Daily Outfit: The Outfit that makes me think about Society

Hair looks awful. It was windy as all heck when I took the photos – I’m just glad my camera didn’t fall over again and break it or another tripod. Aside from that I have worn this maxi about half a dozen times since last month and I just can’t help it. I absolutely adore it. And every time I wear it I get compliments from someone. This time it was a little 7 or 8-year-old girl who told her mom that she loved how pretty my dress was. Way to go Sealed with a Kiss Designs!

Anyhow on to the explanation of the title. I’ve been reading a brand new book Overdressed: The Shockingly High Cost of Cheap Fashion by Elizabeth L. Cline (it first came to my attention via Blue Collar Catwalk and her review). And while I wore this exact outfit just a few weeks ago in Las Vegas and loved it then I look at it now and it makes me sad. Everything about this outfit is exactly what is talked about in the book (I’m only halfway through so give me some slack here – and I hope to have my own review of it up later this week or next once I finish). While I have no idea how the SWAK maxi is made (it could be sourced and sewn here in the USA under fair labor or not. I really don’t know and that is part of the problem) I do know where everything else came from and I do have guesses based on that. It’s all from cheap trendy consumer stores like H&M, Torrid, Target & Forever 21. Which means all of it was mass-produced in Asia somewhere with little design applied to it. Simple pieces, simple cuts, simple stitches. Simple and easy to outsource.

I can remember buying clothes when I was a kid, as a teen or even 10 years ago and it wasn’t like it is now. So many cheap trendy pieces everywhere. And I’m as guilty as the next person. I helped cause this mess. I can remember a sweater I was lusting after at Torrid about 12 years ago. It was $50 then (about $70 now) which is exactly what they still charge for sweaters. I couldn’t afford it at the time, I made just about half of what I make now. And none of that speaks to the quality. I had clothes as a kid that lasted years – YEARS. And most of my cheap clothes now fall apart within months. And I was only born in 1981.

What have we done to ourselves? What is the point of new “body paint” all the time when it costs American jobs, industry, products?

I know how to sew. Matter of fact I know how to sew quite well I just don’t. It’s not something that interests me beyond one-off pieces. But I also know I am an exception and not the a rule anymore. I know my clothes, I know my construction (mostly) and I know how to tailor my own clothes to make things work (though I don’t always bother doing it). What has happened to society? Why have we gotten to where we are? And how do we – Americans that is – fix this? The divide between the haves and the have-nots just keeps increasing and by allowing entire growth industries to die – evaporate – we just make it worse. We are killing ourselves.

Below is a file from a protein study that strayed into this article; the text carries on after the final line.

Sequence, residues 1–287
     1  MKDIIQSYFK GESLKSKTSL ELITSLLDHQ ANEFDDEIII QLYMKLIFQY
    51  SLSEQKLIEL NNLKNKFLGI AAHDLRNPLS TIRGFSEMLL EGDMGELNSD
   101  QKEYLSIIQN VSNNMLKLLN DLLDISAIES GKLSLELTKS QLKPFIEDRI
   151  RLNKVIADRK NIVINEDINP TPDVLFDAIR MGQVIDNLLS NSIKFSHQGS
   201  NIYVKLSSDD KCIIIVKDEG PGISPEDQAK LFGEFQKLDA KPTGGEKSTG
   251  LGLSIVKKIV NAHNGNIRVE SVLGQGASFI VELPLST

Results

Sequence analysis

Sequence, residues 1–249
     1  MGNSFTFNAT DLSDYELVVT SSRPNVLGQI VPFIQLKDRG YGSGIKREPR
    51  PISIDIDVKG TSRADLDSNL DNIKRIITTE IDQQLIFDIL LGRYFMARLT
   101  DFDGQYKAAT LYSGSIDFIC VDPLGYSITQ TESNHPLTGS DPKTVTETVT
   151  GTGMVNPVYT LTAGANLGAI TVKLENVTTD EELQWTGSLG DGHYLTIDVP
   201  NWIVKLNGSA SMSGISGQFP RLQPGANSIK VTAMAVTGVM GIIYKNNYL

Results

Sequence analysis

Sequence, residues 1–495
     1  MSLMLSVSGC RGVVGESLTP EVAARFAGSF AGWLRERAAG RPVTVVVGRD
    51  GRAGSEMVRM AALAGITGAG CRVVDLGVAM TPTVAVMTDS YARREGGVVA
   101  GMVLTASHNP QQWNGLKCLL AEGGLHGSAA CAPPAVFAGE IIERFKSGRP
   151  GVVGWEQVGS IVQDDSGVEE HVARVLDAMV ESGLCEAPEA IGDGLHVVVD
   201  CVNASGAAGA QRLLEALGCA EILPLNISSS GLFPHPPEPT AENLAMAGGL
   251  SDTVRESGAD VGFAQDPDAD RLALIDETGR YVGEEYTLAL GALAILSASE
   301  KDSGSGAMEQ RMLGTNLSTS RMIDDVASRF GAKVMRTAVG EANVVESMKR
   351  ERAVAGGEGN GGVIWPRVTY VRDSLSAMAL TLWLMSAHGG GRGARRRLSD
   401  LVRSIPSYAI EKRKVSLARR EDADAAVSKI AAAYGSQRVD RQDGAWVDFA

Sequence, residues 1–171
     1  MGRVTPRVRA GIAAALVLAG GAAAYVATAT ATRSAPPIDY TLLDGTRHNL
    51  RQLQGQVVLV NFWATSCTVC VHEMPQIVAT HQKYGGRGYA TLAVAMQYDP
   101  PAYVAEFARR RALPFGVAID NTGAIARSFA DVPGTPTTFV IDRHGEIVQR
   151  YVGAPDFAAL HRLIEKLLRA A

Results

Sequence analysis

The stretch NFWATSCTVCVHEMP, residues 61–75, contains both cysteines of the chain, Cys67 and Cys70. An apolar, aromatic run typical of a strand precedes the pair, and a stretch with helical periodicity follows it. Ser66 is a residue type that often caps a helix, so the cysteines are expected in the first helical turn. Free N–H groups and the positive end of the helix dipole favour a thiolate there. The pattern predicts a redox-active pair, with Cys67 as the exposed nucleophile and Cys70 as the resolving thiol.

I’d like to say I would pledge never to wear one-off tissue paper foreign-made clothing ever again but I can’t promise that. I wear basics that aren’t made anywhere but in Asia, that are cheap (I’m too chubby for American Apparel for instance). And buying “designer” isn’t any better as most of those are inflated (if they even make items in my size which almost no one does). Designer name recognition is part of this same problem and they priced themselves beyond what I can actually afford, even one piece at a time. All I can do is promise to be a hypocrite as I don’t know what else I can do.

06.18.2012a

06.18.2012b

Navy Veronica sleeveless maxi dress: SWAK Designs (March 2012)
White plain sleeveless: Target (April 2011)
Silver beaded circle black leather flip flops: Torrid (July 2011)
Silver Wonder Woman cuff: H&M (May 2012)
Large teardrop cutout textured earrings: Charming Charlie (May 2012)
Multilevel drapy chain necklace: Forever 21 (October 2011)

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2 thoughts on “Daily Outfit: The Outfit that makes me think about Society

  1. Mia says:

    Oh man, I’ve been avoiding reading that book just because I know it would make me feel so terrible. (Which is not a good reason to avoid it, but you know what I mean.) I try to mitigate my own impact by doing a lot of thrift shopping, but admittedly, most of the off-the-rack stuff that I buy is from fast-fashion places like Target and Old Navy. And it’s so complicated, too, because just because a place has garments that are manufactured in the US, that doesn’t mean they aren’t problematic in other ways (a la American Apparel and sizeism issues, etc.). Especially in the cases where higher-end, more ethical designers and manufacturers don’t make garments that it’s possible for one to wear (due to cost or size or what have you), one just has to make do as best one can. It’s definitely worth being aware of, though, so that hopefully when the opportunity comes up to make a different choice, the push is there!

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    • The book definitely makes you feel terrible more so now than ever before. I felt somewhat prepared as I was on the Speech team in high school (persuasive speaking) and my speech my Junior year was about sweatshops. I lettered so I figure I must have had a decent argument in there somewhere but it didn’t prepare me for this book. Ultimately it made me want to make my own cloth and sew my own clothes! Not going to happen but the impact was felt so I believe that was the point. I should have the review up soon (I hope tomorrow, I hope…but I’ve been busy and haven’t had a chance to flesh it out yet).

      Your absolutely correct about the multi-prong fork of this issue as well. Has to be a happy medium in there somewhere.

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